RQ3. Are classes affected by TD items classified by SonarQube with different levels of severity more change- or fault-prone than non-affected ones?
Table 3 reports the diffuseness of the detected 173 TD rules grouped by severity.
The change-proneness of the dirty classes regarding different types is provided in Figure 3(b). The most diffused levels are the least and the most severe levels Info and Blocker. Both of these groups have medians greater than zero, meaning most of the data does not consist of zeros. The median for Info is 0.07 and for Blocker it is 0.05, while their maximums are more than three changes per line of code and the Q3s are around 1.2. The least diffused level is Critical, while the levels Major and Minor are in the between.
The results from the Mann-Whitney and Cliff’s Delta tests for the different severity levels are given in Table 4. The distribution of the change-proneness of all the groups was found to be different than that for the clean group. However, the measured effect size was negligible for the severity levels Minor, Major, and Critical, and small for the levels Info and Blocker. The results from the statistical tests confirmed the visual results from the boxplots, namely, that there are no significant differences between the clean classes and the different values of severity.
Considering the fault-proneness of the different severity levels, the results are similar to the fault-proneness of the different type values. The Mann-Whitney test suggests that the distributions would differ for all levels, but when the effect size was measured, it was found to be negligible for every level.
RQ4. How well are SonarQube’s TD rules classified?
In order to confirm the classification of SonarQube’s TD items, we inspected the change- and fault-proneness of single TD items. For reasons of space, Figure 5 shows only the distribution of the five most frequently introduced TD items for the types Bug and Code Smell. The complete figure is available in the replicated package (Section 4.5). The results are unexpected, since when we look at the Bug type, we can see that none of the TD items are fault-prone, but they are change-prone. This confirms the results obtained in the previous RQs. Regarding Code Smells, TD items are change-prone even if their assigned level of severity is never confirmed. (The most relevant examples are UselessImportanCheck and S1166). We considered all the TD items classified as Bug and Code Smell with the assigned level of severity affecting the analyzed projects.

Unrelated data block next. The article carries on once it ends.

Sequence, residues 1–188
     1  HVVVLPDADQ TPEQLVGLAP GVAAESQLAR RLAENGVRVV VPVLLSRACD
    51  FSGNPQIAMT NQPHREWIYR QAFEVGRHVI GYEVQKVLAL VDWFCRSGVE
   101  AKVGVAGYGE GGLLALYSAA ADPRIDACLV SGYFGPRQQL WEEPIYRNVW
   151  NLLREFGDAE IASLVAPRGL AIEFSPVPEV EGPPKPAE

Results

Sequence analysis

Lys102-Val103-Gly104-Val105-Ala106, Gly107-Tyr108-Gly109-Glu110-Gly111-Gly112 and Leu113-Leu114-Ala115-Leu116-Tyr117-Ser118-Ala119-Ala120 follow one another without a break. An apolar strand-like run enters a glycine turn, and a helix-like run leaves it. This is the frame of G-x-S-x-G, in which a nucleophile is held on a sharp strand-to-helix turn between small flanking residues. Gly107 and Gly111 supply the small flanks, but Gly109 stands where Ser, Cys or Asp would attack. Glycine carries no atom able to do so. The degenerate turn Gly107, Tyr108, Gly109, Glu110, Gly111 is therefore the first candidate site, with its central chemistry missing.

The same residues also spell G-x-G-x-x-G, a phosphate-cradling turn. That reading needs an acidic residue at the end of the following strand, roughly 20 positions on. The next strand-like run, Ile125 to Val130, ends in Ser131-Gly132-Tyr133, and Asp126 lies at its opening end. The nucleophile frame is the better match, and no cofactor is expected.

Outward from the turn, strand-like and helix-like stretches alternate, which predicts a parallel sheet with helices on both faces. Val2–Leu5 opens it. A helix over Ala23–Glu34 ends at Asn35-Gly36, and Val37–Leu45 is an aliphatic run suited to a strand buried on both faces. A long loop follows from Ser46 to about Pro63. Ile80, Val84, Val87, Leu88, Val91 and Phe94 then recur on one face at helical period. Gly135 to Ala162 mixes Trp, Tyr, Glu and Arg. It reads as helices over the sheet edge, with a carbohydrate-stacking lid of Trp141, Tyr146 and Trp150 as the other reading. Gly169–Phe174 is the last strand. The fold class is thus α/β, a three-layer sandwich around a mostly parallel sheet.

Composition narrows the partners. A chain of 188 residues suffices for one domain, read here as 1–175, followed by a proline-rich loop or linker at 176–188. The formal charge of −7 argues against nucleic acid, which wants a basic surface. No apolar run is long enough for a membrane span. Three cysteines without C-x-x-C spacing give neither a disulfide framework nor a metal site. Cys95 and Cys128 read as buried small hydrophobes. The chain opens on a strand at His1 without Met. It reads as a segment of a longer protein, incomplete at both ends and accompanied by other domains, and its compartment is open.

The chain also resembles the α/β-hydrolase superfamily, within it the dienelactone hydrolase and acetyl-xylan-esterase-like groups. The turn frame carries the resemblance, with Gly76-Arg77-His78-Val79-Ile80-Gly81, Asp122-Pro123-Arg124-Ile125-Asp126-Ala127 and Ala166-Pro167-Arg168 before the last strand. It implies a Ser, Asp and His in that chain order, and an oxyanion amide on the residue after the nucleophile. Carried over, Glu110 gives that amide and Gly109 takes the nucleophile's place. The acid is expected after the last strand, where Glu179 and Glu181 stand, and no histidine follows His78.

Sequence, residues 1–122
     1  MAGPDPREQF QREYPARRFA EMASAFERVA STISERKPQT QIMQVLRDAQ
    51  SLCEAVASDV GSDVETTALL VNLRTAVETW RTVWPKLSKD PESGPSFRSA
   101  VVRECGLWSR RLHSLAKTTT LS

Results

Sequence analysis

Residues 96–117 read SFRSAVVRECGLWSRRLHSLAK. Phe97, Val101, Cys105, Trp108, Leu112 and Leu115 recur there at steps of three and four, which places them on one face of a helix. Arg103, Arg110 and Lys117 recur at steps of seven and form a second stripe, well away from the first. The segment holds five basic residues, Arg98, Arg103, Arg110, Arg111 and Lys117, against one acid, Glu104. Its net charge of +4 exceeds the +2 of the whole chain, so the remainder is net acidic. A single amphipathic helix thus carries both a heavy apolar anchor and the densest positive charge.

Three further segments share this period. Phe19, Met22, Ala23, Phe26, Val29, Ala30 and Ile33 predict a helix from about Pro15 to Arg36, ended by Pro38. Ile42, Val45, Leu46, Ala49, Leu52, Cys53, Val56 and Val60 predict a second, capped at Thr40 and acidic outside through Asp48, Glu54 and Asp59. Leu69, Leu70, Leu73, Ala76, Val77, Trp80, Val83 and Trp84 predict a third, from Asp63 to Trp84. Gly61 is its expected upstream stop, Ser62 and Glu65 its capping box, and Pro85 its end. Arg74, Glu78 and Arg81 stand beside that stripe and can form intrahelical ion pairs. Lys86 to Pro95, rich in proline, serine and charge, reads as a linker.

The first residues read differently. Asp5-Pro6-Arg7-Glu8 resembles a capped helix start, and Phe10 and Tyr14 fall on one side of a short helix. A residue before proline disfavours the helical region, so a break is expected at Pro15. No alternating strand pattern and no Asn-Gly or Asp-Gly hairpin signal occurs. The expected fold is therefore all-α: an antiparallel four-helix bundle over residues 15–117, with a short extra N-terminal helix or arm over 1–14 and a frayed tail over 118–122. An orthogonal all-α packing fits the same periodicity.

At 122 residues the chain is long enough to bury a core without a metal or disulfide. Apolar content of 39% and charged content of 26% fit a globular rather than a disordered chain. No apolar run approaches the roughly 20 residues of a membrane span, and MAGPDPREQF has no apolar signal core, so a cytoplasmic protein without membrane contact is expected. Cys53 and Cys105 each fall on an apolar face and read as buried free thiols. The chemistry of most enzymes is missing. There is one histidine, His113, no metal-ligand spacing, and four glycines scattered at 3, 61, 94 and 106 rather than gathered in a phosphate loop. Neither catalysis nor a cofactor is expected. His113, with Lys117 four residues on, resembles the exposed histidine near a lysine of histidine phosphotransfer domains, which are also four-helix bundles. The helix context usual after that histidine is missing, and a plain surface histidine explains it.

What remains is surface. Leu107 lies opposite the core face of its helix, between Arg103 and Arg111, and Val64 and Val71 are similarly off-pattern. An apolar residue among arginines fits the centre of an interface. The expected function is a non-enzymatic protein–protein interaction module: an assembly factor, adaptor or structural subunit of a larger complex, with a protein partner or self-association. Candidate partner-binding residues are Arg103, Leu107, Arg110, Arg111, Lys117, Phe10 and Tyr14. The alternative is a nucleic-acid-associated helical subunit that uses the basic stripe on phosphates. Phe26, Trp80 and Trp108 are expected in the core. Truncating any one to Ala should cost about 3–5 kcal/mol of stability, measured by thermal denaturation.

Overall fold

Bug. All the TD items classified as Bug have no impact on maintainability since they turned out not to be fault-prone. This confirmed the results obtained for the previous RQs. Instead, and unexpectedly in addition, they appear to have a clear impact, which on some occasions is just as relevant, on code stability. For example, S1860, OverridenCallSuperFinalizeCheck, has a moderate impact, while S1175 and S2066 have a higher impact.